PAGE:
Hiram G. Berry, a carpenter, navigator, banker, and politician in Rockland, was commander of the Rockland Guard, a militia unit before the Civil War.
He was asked to recruit a regiment for the war – the 4th Maine Regiment. Berry was colonel of the regiment from May 1861 to March 1862 when he was promoted to major general in the U.S. Volunteers General Staff Infantry Regiment. He was killed at the Battle of Chancellorsville on May 3, 1863, while leading a bayonet charge. He reportedly told his soldiers to "have hearts like oak and let the Stars and Stripes wave high."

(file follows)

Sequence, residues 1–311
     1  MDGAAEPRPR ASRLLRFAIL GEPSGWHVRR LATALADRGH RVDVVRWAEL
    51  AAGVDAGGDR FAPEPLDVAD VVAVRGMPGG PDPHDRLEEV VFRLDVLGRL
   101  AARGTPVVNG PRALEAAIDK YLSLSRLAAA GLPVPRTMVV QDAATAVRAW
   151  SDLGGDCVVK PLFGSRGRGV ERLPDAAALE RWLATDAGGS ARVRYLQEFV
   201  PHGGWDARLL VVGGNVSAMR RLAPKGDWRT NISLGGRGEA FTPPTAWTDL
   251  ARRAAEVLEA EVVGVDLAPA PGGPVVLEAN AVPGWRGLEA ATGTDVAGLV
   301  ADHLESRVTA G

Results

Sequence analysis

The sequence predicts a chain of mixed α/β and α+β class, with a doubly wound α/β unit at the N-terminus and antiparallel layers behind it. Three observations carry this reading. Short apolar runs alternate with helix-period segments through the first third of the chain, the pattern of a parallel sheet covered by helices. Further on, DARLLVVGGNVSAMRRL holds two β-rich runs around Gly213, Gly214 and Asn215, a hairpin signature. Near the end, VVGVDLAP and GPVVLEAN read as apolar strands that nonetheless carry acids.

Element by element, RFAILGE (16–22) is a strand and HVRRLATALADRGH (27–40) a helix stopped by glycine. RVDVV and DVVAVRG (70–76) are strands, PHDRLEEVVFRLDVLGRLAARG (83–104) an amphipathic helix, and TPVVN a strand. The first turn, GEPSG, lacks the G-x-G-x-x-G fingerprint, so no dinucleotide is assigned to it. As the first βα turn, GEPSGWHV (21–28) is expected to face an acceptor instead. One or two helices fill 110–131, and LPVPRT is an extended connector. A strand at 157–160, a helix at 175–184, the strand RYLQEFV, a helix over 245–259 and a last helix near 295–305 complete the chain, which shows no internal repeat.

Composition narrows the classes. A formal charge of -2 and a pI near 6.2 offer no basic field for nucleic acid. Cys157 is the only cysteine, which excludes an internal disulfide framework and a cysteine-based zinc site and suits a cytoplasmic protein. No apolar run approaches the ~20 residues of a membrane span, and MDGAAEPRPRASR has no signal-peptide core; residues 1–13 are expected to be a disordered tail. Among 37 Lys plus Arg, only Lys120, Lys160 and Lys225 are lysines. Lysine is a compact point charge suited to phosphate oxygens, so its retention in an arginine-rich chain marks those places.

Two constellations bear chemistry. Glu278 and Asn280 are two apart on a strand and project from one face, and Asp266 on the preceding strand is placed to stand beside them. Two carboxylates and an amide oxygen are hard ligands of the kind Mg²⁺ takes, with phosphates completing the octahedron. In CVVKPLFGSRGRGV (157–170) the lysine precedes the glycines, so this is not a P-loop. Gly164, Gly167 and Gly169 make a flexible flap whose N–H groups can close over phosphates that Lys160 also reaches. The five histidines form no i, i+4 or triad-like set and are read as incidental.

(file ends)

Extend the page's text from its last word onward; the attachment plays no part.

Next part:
A. W. (Abner Warren) Harmon, born in Bucksport and later was a blacksmith in Scarborough, wrote the memorial poem about Berry, which became popular during the war. Harmon wrote a number of other poems about the war and other memorials, including one about Abraham Lincoln. Some of the poems were set to music.
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